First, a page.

E-ISSN 2169-0197
Copyright © 2018 Cognizant, LLC.
Printed in the USA. All rights reserved.

The Development and Value of Whale-Watch Tourism in the West of Scotland

Conor Ryan, Vivi Bolin, Laura Shirra, Pippa Garrard, Jane Putsey, Juliet Vines, and Lauren Hartny-Mills

Hebridean Whale and Dolphin Trust, Tobermory, Isle of Mull, Scotland

In 2008, Scotland was estimated to have one of the highest proportion of whale-watching tourists of any European country, providing important economic benefits to rural coastal communities. Since then, information has been lacking on how the industry is developing. Because whale watching is not regulated or licensed, basic information on the number of operators and capacity of the industry is difficult to obtain. Wildlife tour operators (N = 77) were identified in the west of Scotland using internet searches and categorized as “whale-watch operators” where 66%–100% of income was derived from using the opportunity of encountering cetaceans (whales, dolphins, and porpoises) to market tours (N = 40). Questionnaires were circulated to 35 whale-watch operators with responses received from 22. It was estimated that 72 full-time equivalent jobs exist in the sector in the study area. Over half of the operators (54%) have been conducting whale watching for greater than 10 years, suggesting it can be a reliable source of employment. Inclement weather followed by the number of tourists were cited, respectively, as the greatest challenges for operators. Almost half of respondents (46%) said that the amount of wildlife was not a challenge, with minke whale (Balaenoptera acutorostrata) and common dolphin (Delphinus delphis) being the main target species. In 2015 an estimated 51,200 people went whale watching on boats in the west of Scotland, generating an estimated £2.3 million and £3.7 million of direct and indirect revenue, respectively. Since 2000, the number of whale-watching passengers declined by 17.3%. In the same period, revenue generated by the industry declined by 1.4% per annum. Although whale watching remains unregulated, the current lack of growth presents an opportunity to foster an environmentally and economically sustainable model for the industry in the west of Scotland.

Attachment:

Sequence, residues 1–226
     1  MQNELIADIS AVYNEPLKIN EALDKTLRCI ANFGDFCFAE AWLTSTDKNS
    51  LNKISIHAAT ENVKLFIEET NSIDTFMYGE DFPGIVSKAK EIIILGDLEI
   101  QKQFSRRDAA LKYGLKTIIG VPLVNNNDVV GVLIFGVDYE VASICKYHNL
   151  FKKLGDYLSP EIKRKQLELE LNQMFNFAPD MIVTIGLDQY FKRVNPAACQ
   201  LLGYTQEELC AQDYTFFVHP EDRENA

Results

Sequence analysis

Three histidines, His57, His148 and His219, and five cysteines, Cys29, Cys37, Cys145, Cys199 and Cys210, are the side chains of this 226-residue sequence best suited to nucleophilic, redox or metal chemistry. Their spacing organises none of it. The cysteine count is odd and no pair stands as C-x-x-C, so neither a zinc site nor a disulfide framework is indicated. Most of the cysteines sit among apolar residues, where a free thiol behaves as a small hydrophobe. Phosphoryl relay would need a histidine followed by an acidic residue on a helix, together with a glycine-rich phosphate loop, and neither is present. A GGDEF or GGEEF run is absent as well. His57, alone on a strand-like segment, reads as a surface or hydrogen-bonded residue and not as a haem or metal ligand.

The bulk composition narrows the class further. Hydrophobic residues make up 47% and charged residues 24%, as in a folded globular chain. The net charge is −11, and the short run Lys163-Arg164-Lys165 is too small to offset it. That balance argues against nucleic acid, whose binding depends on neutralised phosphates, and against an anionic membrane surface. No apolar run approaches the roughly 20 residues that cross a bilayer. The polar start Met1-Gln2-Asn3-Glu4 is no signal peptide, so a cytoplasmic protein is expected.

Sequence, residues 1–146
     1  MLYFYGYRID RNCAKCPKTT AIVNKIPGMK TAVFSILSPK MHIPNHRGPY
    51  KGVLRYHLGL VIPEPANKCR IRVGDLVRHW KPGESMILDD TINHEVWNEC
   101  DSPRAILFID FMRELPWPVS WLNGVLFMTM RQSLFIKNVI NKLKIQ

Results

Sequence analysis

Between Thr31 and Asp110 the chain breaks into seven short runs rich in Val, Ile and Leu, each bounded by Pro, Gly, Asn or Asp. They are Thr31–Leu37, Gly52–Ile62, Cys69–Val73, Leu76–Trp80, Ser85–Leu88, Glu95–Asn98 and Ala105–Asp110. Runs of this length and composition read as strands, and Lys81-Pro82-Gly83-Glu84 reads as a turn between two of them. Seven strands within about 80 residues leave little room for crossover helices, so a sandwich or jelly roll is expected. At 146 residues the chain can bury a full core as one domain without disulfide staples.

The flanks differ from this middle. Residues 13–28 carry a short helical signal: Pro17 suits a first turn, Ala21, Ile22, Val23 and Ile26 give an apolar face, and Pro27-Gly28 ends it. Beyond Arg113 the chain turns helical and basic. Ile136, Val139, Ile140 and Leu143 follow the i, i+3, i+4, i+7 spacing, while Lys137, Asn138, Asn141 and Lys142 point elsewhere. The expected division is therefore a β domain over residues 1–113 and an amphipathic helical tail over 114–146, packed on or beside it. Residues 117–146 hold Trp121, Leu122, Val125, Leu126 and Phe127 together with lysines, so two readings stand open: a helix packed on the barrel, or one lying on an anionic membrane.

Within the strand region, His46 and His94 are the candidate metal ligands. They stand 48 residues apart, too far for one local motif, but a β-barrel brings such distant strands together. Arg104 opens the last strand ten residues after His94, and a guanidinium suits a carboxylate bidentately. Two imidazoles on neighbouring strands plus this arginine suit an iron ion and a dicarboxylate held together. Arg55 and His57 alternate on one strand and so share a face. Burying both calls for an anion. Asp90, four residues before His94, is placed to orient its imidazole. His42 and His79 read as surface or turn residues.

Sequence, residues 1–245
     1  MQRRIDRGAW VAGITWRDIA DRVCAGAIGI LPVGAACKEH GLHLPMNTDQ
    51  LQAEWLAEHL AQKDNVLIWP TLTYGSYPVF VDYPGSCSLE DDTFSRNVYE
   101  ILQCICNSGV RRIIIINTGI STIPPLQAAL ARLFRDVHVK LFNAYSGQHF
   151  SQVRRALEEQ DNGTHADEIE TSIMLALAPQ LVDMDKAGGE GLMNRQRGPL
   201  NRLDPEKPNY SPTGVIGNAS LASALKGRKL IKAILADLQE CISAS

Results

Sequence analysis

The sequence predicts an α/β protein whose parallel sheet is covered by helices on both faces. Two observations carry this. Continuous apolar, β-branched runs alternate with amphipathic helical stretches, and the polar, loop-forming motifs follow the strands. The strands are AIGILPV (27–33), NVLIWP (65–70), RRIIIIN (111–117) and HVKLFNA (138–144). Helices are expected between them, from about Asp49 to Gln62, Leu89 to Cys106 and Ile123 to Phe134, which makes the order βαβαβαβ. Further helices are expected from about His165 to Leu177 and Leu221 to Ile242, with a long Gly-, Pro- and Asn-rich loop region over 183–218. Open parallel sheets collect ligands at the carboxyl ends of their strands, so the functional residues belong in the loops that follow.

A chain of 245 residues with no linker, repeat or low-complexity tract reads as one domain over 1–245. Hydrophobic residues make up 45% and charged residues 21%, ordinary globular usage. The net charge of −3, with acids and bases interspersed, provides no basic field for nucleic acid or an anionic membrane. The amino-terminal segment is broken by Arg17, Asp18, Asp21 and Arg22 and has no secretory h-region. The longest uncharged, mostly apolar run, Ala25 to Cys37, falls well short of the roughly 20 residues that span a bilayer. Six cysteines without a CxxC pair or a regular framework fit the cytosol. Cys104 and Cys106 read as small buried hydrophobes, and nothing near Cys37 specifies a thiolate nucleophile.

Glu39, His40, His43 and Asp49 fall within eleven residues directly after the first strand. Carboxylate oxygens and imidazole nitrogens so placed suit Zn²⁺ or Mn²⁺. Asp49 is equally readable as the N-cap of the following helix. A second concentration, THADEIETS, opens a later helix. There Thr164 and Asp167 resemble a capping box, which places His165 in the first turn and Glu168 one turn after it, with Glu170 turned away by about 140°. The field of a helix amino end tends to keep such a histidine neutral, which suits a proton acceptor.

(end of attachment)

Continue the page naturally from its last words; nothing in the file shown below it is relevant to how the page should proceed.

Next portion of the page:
Key words: Sustainability; Coastal communities; Peripheral; Whales; Dolphins; Porpoises

Address correspondence to Conor Ryan, 50 Main Street, Tobermory, Isle of Mull, PA75 6NT, Scotland. E-mail: This e-mail address is being protected from spambots. You need JavaScript enabled to view it


Tourism in Marine Environments, Vol. 13, No. 1, pp. 25-40
1544-273X/18 $60.00 + .00
DOI: https://doi.org/10.3727/154427317X15018194204029
E-ISSN 2169-0197
Copyright © 2018 Cognizant, LLC.
Printed in the USA. All rights reserved.

Emerging Ocean Industries: Implications for Sustainable Tourism Development

Larry Dwyer

Griffith Institute for Tourism (GIFT), Griffith University, Gold Coast, Queensland, Australia
University of Ljubljana, Faculty of Economics, Ljubljana, Slovenia